Article first published in Sussex Bylines, March 3rd 2022
by James MacCleary
I am sure you, like me, are watching with horror the events unfolding in Ukraine. It was in the summer of 2013 that my partner Donna and I travelled to Kyiv and Odesa, although it seems like only yesterday. And it is hugely upsetting seeing families hiding in the Kyiv metro that we travelled on as tourists. A few years earlier I had completed a postgraduate thesis at Oxford on (of all things) Russia’s relationship with NATO after the collapse of the Soviet Union.
The language used by Vladimir Putin may seem ‘insane’ or ‘unhinged’, but it is actually consistent with Russian foreign policy over the past 30 years or so.
Putin talks a lot about ‘encirclement’ and this is a deeply held fear shared by many in Russia; NATO has long been cast as the ‘enemy’. Putin has also evoked the Nazis. From the Russian perspective their sacrifice in the Great Patriotic War was critical in victory for the allies. It is estimated that some 20 million Soviet citizens died in that conflict and the scars are still raw to this day.
Nostalgia for the Cold War and Soviet Union
Many Russians share Putin’s rose-tinted nostalgia for the days of the Soviet Union. There is no doubt that many Russians miss the global status they had during the Cold War. Much of Putin’s appeal has rested in his ability to boost Russian prestige on the world stage. However, strong warnings for years about the increasingly repressive regime in Moscow have been largely unheeded in the West.
Political opponents have been arrested and murdered and the media stifled. Heroic journalists like Anna Politkovskaya lost their lives trying to expose the corruption and violence at the heart of the Putin regime.
And now the repression is getting worse as Putin cracks down on critical media outlets, protesters and all Russians daring to tell the truth about what is going on in Ukraine. His highest profile political opponent, Alexei Navalny, is currently imprisoned in a labour colony from where he has been tweeting his views in recent days.
The ferocity of Ukrainian resistance has already started to destabilise Putin and his cronies back in Moscow. We must remember that this is not Russia’s war but Putin’s, and many ordinary Russians are appalled by it. Young Russian soldiers are dying in their hundreds (possibly thousands) to satisfy the paranoid ego of a man who these days more resembles a mafia boss than a modern, democratic leader.
So what does this mean for us politically? In my view, Boris Johnson and his own cronies have been exposed in a number of key areas by the tragedy unfolding in Ukraine.
Government turning its backs on desperate people
Firstly, his government’s shameful anti-immigration rhetoric has backed them into a position where we are turning our backs on desperate people. Government ministers are happy to wave Ukrainian flags but are unable, or unwilling, to open up the safe routes to the UK for Ukrainians fleeing the conflict. It is a product of the Conservatives’ decision to weaponise the issue of refugees for their own shabby political benefit.
The Home Office must immediately lift visa requirements so that we can offer refuge to as many Ukrainians as possible.
Secondly, there is the diminished power and status of the UK, post-Brexit, and the corrosive effect of the Conservatives’ attacks on the our pillars of ‘soft power’ in the world: the BBC, the British Council and our diplomatic service.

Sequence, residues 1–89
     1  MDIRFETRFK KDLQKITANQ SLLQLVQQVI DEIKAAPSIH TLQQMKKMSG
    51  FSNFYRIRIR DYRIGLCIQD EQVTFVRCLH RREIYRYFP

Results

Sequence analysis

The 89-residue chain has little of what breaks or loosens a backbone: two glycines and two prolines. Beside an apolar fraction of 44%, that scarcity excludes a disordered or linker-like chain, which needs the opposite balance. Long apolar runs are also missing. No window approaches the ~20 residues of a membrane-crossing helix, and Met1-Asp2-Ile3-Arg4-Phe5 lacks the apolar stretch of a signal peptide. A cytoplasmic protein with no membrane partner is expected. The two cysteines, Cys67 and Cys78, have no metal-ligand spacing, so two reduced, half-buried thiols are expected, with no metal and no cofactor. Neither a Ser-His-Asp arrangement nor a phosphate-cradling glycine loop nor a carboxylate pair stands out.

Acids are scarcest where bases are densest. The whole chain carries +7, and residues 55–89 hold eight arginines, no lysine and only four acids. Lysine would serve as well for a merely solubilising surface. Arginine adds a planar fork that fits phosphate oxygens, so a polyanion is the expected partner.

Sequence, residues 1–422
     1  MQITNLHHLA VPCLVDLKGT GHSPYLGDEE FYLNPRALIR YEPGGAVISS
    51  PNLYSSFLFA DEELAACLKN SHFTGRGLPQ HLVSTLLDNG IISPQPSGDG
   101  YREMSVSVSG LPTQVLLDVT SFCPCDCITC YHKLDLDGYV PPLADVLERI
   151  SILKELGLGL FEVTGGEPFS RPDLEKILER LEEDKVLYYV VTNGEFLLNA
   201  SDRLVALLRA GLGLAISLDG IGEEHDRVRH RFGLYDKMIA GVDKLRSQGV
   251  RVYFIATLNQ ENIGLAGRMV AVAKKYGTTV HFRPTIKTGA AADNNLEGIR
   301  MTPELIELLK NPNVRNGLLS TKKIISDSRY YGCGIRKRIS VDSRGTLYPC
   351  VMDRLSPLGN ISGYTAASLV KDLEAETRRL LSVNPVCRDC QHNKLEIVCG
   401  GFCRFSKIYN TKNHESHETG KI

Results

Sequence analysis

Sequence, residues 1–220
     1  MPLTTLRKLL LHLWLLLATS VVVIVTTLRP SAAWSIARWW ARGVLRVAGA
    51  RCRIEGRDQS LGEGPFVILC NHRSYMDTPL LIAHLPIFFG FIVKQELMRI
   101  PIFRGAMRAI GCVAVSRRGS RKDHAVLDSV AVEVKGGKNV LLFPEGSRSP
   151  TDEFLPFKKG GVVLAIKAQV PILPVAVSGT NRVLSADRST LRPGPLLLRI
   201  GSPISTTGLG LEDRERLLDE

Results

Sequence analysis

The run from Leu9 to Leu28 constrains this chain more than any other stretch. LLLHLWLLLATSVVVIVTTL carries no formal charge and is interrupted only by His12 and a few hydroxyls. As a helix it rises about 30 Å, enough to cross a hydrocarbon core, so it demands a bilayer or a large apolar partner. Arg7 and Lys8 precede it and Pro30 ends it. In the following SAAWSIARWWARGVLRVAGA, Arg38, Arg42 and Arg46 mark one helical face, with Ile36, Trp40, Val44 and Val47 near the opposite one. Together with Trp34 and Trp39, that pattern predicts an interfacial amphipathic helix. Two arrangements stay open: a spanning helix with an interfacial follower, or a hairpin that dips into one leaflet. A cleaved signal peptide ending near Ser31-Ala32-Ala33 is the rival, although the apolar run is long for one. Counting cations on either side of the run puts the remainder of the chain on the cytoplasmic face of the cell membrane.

This war should refocus minds on the importance of these institutions to British influence.
Finally, the war has shone a harsh spotlight on the billions of Russian money sloshing around in our financial and political systems. We have provided a safe haven for dirty money accumulated by oligarchs who are key to Putin’s power base. My own football club, Everton, are heavily backed by Alisher Usmanov, a man once referred to by a senior British diplomat as a “gangster and racketeer who rightly did six years in jail”. The club has now suspended ties to companies linked to Usmanov, who has had his assets frozen by the EU.
We need to look seriously at how we regulate our financial system to find ways to put an end to our status as the preferred place to clean dirty money.
Questions about the influence of Russian backers
There are also serious questions for our Conservatives – and Republicans like Donald Trump in America – to answer about the influence of Russian backers. A foreign power holding financial sway over the party that forms our government is a matter of national security and has to be an urgent concern for all of us regardless of partisan interests.
The war is not going to be quick. If and when the Russian military finally takes Kyiv and Kharkiv it will be a long, painful occupation. The fragility of Putin’s regime is clear and Russians are taking to the streets daily to protest bravely against the war. Putin’s war may end up bringing him down but, tragically, not before it has claimed the lives of many young Ukrainians and Russians.
What we must do now is send our support to Ukraine. Many are doing so by donating to the Red Cross appeal here. We must also pressure the government to act with decency and compassion. That starts with visas but must lead to wider reforms.
James MacCleary at Kyiv’s Lavra in the summer of 2013. His visit opened his eyes to a beautiful, peaceful country now ravaged by war.
A striking view of James MacCleary outside the Lavra, one of the most important religious sites in the Russian Orthodox Church
A busy, normal day on the Kyiv metro pictured by James MacCleary in 2013. Now these same stations are being used as bomb shelters.